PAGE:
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Bed sharing, also known as co-sleeping, increases the risk of SIDS. Find out how you can stay close to your baby at night while keeping her safe.
What is bed sharing?
"Bed sharing" refers to having your baby sleep in bed with you, rather than in a separate space such as a crib.
Some people call sharing a bed with your baby "sleep sharing" or "co-sleeping." However, co-sleeping can also be used as a more general term to refer to your baby sleeping close to you, either in the same bed or nearby, for example, in a bassinet that attaches to the bed.
Is bed sharing safe for my baby?
Not according to the safe sleep policy from the American Academy of Pediatrics (AAP). Instead, the AAP recommends having your baby sleep in a crib, bassinet, or play yard in your room near your bed for the first six months, ideally for the first year. That way, you can easily see and reach her for feeding or comforting.
It's especially important to provide close but separate sleeping arrangements for the first six months of life, when the risk of SIDS (sudden infant death syndrome) and other sleep-related deaths is highest. Room sharing cuts the risk of SIDS by as much as half, according to the AAP. (For more ways to reduce the risk of SIDS, see SIDS and baby sleep safety.)
Bed sharing is not recommended for any baby, but it's especially dangerous for a baby who is:
- Younger than 4 months
- Born preterm or with a low birth weight
- Placed on a soft surface such as a soft mattress, waterbed, couch, or armchair
- Placed in a bed with loose or soft bedding, including pillows, flat sheets, or blankets
- Bed sharing with someone who drank alcohol or took drugs (including medicine that's sedating)
- Bed sharing with a smoker (even if that person is not smoking in bed) or has a mother who smoked during pregnancy
- Bed sharing with someone who isn't a parent (including caregivers and other children)
- Sleeping with multiple people
Isn't sleeping with my baby a good way for us to bond?
There are other effective, safe ways to bond with your baby, including using a baby carrier, sharing skin-to-skin cuddle time, playing, and reading. Bonding is a process that continues over time and occurs during everyday caregiving through simple interactions like looking your baby in the eye, talking to him, and smiling.
Breastfeeding is so much easier in my bed. Do I have to give that up?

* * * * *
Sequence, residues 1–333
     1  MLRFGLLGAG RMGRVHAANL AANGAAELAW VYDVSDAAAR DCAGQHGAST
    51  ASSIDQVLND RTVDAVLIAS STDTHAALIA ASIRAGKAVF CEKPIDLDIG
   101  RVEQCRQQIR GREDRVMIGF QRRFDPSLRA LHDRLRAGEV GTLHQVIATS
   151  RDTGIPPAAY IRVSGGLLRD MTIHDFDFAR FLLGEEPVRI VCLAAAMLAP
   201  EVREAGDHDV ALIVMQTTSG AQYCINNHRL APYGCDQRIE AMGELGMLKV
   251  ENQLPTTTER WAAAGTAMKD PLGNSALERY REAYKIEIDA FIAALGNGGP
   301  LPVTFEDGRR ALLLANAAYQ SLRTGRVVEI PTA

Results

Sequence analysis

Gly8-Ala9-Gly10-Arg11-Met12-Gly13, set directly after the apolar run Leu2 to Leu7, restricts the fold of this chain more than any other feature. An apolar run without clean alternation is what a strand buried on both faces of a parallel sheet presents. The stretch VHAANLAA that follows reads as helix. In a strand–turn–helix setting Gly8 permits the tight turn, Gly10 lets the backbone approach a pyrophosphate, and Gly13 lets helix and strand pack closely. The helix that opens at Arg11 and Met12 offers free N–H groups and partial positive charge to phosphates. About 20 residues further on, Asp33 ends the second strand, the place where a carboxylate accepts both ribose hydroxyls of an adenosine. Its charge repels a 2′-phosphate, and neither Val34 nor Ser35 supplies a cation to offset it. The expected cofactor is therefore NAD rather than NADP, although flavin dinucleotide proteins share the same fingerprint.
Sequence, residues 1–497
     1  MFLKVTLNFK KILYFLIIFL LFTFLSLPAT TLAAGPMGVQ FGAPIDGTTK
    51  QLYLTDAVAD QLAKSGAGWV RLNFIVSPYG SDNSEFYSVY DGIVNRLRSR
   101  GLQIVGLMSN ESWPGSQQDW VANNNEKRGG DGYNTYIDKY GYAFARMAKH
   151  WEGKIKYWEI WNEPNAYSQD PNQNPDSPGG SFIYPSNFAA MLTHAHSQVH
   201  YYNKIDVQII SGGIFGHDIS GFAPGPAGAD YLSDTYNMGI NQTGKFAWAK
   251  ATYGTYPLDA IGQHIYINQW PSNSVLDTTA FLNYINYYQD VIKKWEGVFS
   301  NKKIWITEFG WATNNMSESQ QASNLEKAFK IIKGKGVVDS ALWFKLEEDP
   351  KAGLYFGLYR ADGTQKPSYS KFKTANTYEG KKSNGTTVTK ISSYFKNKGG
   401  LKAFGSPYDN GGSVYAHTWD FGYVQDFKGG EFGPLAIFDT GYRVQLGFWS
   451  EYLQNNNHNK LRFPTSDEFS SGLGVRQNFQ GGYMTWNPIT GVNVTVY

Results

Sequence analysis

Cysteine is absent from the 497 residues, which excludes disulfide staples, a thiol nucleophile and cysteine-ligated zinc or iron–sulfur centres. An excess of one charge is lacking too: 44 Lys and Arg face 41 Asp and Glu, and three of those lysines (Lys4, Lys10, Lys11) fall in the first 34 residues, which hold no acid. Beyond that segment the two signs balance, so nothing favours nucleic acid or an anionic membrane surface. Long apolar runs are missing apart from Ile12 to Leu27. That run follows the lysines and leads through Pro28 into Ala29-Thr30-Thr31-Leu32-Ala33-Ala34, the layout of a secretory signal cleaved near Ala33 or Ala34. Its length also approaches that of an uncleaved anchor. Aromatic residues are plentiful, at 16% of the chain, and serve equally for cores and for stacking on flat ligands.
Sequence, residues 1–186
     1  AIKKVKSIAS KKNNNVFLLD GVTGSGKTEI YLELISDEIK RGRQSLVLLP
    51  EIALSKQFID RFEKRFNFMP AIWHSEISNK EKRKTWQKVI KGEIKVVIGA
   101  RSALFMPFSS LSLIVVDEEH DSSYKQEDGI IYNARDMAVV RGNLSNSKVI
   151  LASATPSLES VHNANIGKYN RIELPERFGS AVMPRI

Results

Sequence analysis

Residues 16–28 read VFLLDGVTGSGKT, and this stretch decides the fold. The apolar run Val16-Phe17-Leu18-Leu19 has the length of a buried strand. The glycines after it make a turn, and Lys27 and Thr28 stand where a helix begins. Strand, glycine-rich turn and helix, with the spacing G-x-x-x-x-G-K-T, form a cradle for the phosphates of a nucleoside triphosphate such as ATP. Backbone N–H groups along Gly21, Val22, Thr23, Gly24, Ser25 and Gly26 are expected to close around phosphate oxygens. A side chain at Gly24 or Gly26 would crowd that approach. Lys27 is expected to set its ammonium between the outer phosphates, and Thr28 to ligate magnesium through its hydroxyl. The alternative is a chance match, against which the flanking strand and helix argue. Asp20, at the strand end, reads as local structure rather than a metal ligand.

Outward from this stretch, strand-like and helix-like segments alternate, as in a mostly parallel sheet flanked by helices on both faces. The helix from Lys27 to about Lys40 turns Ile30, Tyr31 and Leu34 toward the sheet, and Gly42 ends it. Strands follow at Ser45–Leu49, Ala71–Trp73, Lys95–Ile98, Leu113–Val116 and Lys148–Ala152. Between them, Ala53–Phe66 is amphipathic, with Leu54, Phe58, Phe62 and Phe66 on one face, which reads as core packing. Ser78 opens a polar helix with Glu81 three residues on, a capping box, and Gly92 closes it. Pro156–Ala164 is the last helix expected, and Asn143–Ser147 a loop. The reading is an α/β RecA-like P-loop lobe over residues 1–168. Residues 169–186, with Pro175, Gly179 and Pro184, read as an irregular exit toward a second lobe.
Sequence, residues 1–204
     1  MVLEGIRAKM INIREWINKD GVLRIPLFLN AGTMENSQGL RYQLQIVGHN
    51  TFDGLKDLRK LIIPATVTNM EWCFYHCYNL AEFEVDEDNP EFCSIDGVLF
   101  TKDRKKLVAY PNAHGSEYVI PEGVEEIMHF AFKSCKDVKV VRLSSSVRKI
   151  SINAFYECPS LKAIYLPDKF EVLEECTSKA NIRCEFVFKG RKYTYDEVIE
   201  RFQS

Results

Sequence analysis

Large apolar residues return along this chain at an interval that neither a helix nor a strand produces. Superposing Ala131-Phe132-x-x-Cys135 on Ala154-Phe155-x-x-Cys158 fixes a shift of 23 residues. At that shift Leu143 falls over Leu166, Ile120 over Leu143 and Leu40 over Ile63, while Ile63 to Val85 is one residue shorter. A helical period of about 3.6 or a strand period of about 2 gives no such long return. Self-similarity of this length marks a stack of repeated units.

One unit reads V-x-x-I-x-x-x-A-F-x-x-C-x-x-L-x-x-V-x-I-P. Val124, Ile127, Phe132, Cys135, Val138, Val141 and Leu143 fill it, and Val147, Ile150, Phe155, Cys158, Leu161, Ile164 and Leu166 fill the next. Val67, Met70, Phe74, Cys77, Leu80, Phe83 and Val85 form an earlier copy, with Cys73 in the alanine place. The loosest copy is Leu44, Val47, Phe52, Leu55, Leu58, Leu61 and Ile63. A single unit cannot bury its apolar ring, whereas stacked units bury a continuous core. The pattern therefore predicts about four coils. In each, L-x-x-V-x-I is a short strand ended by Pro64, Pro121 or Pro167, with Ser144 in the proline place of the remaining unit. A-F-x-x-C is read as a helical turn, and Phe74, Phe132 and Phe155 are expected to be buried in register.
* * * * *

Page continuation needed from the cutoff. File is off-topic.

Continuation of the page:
Not necessarily, but ideally put your baby back in her separate sleeping area as soon as she's finished nursing (or bottle feeding, if you take her to bed with you for that).
If you're concerned that you might fall asleep, clear away soft items including pillows and bedding (sheets to get entwined in, blankets that could cause her to overheat, for example) when you feed your baby in bed. And if you fall asleep while feeding her, put her back in her crib or bassinet as soon as you wake up.
Note: If you're tired, it's safer to feed your baby in a bed cleared of soft items than to feed her in an armchair or on a couch. Falling asleep on plush furniture puts your baby in danger of SIDS, suffocation, and entrapment (getting wedged between the seat cushions).
Can I let my twins sleep together?
The AAP recommends that twins or other multiples not sleep together. Bed sharing with other children places an infant at higher risk of SIDS. Also, multiples are often born preterm and with low birth weight, both risk factors for SIDS. To be safe, have them sleep separately.
Are bed-sharing devices safe?
The AAP says that most bed-sharing products haven't been studied adequately to make a recommendation for or against their use.
- Bedside sleepers. The U. S. Consumer Products Safety Commission (CPSC) has safety guidelines for bedside sleepers (bassinets that attach to the side of an adult bed). Check to see that any bedside sleeper you're considering carries CPSC certification.
- Wedges and other positioners put in place to keep your baby separated from other sleepers in a bed are not safe because a baby could slide or roll into an unsafe position when using them.
- Portable bed railings that attach to the side of an adult bed are not safe because they can entrap or strangle a baby.
Are there other benefits to my baby sleeping separately?
- Better sleep for both of you. Many parents say that they sleep better when their babies are in their own beds, and there's some evidence that babies sleep better too.
- Fewer wake-ups for feeding. Proximity to their mothers can cause some babies to wake up more often to feed, even if they're not hungry.
- Easier weaning from night feedings. Bed sharing can make it harder to wean your baby from waking up at night to nurse or take a bottle. Breastfeeding babies, in particular, smell their mothers' milk and may develop a habit of waking repeatedly to feed, even if they're not hungry.